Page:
Harry Potter and the Chamber of Secrets
Not recommended under 8, PG to 12 due to violence and scary scenes
This topic contains:
- overall comments and recommendations
- details of classification and consumer advice lines for Harry Potter and the Chamber of Secrets
- a review of Harry Potter and the Chamber of Secrets completed by the Australian Council on Children and the Media (ACCM) on 30 November 2002.
Overall comments and recommendations
|Children under 8||Not recommended due to violence and scary scenes|
|Children 8 - 12||Parental guidance recommended due to violence and scary scenes.|
|Children 13 and over||OK for this age group|
About the movie
This section contains details about the movie, including its classification by the Australian Government Classification Board and the associated consumer advice lines.
|Name of movie:||Harry Potter and the Chamber of Secrets|
|Consumer advice lines:||Frightening fantasy scenes, Medium level violence|
This review of the movie contains the following information:
- a synopsis of the story
- use of violence
- material that may scare or disturb children
- product placement
- sexual references
- nudity and sexual activity
- use of substances
- coarse language
- the movie’s message
Harry returns for his second year of schooling at Hogwarts, the school for wizards. Shortly after the term begins Harry starts hearing a mysterious voice saying “kill….kill” which only he can hear. He then finds the caretaker’s cat Mrs Norris hanging upside down apparently dead. Fortunately she is not dead just ‘petrified’. There is a cure but it will not be available until the Herbology class finishes growing Mandrakes which have restorative properties. Later, two of the students are also found petrified. On each occasion Harry hears the voice again.
It becomes apparent that the Chamber of Secrets has been opened by the heir of Slytherin. Slytherin was one of the four founders of the school but left because he wanted to make Hogwarts only available to ‘pure’ wizards and witches not ‘mudbloods’. Before he left he created this Chamber in which lives some terrible evil. The teachers are fearful that they will have to close Hogwarts and send the students home.
Hermione is the next victim and Harry and Ron are left to solve the problem themselves. Harry overhears the teachers talking about a girl student who has been taken into the chamber and who happens to be Ron’s younger sister Ginny. Harry and Ron have to go and rescue her. They work out how to get into the Chamber and Harry finally comes face to face with the evil Basilisk, a monstrously large snake. Harry battles it out with the Basilisk and with the aid of Fawkes, Dumbledore’s pet phoenix and the Sorting Hat, Harry eventually wins. Ginny is saved and all turns out well.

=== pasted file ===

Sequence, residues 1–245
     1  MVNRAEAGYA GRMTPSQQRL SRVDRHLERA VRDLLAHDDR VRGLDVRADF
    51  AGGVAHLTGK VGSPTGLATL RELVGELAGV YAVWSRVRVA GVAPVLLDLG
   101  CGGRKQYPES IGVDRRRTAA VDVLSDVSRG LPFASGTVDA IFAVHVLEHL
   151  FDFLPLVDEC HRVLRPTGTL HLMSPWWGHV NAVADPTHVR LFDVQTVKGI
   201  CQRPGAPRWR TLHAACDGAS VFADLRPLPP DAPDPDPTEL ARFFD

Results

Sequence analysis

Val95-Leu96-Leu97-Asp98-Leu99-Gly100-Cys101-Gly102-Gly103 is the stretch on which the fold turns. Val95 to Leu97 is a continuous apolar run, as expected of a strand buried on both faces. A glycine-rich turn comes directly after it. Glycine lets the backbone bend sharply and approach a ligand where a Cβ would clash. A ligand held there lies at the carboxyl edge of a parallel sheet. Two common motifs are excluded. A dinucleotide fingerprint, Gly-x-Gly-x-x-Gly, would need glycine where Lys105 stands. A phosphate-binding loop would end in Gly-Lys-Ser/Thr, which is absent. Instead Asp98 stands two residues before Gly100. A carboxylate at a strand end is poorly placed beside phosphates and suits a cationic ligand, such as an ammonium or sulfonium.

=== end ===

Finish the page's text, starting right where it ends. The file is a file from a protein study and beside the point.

Children and adolescents may react adversely at different ages to themes of crime, suicide, drug and alcohol dependence, death, serious illness, family breakdown, death or separation from a parent, animal distress or cruelty to animals, children as victims, natural disasters and racism. Occasionally reviews may also signal themes that some parents may simply wish to know about.
Research shows that children are at risk of learning that violence is an acceptable means of conflict resolution when violence is glamourised, performed by an attractive hero, successful, has few real life consequences, is set in a comic context and / or is mostly perpetrated by male characters with female victims, or by one race against another.
Repeated exposure to violent content can reinforce the message that violence is an acceptable means of conflict resolution. Repeated exposure also increases the risks that children will become desensitised to the use of violence in real life or develop an exaggerated view about the prevalence and likelihood of violence in their own world.
There is some violence in the film, including:
- Dobby the house elf has to punish himself and repeatedly bangs his head on a cupboard and hits himself with a light.
- When George Dursley is trying to prevent Harry from escaping he falls from a second story window on to the ground but is not badly injured
- In a Quidditch game a ‘rogue bludger’ chases Harry all over the place, eventually hits him causing him to fall to the ground and break his arm
- Snape and Lockhart, then Harry and Draco, have ‘wand duels’ causing injury to the victims
- Huge hairy spiders attack Harry and Ron
Children under five are most likely to be frightened by scary visual images, such as monsters, physical transformations.
There are many images and visual effects that children under five may find scary:
- Dobby is a rather grotesque creature with very large ears, eyes and nose
- At the Weasleys’ home their pet owl Errol flies into the glass instead of through the window
- The Weasleys travel by Floo powder which requires standing in the fireplace and sprinkling it over you while speaking the word of the desired destination. Ron and Harry are both shown going up in flames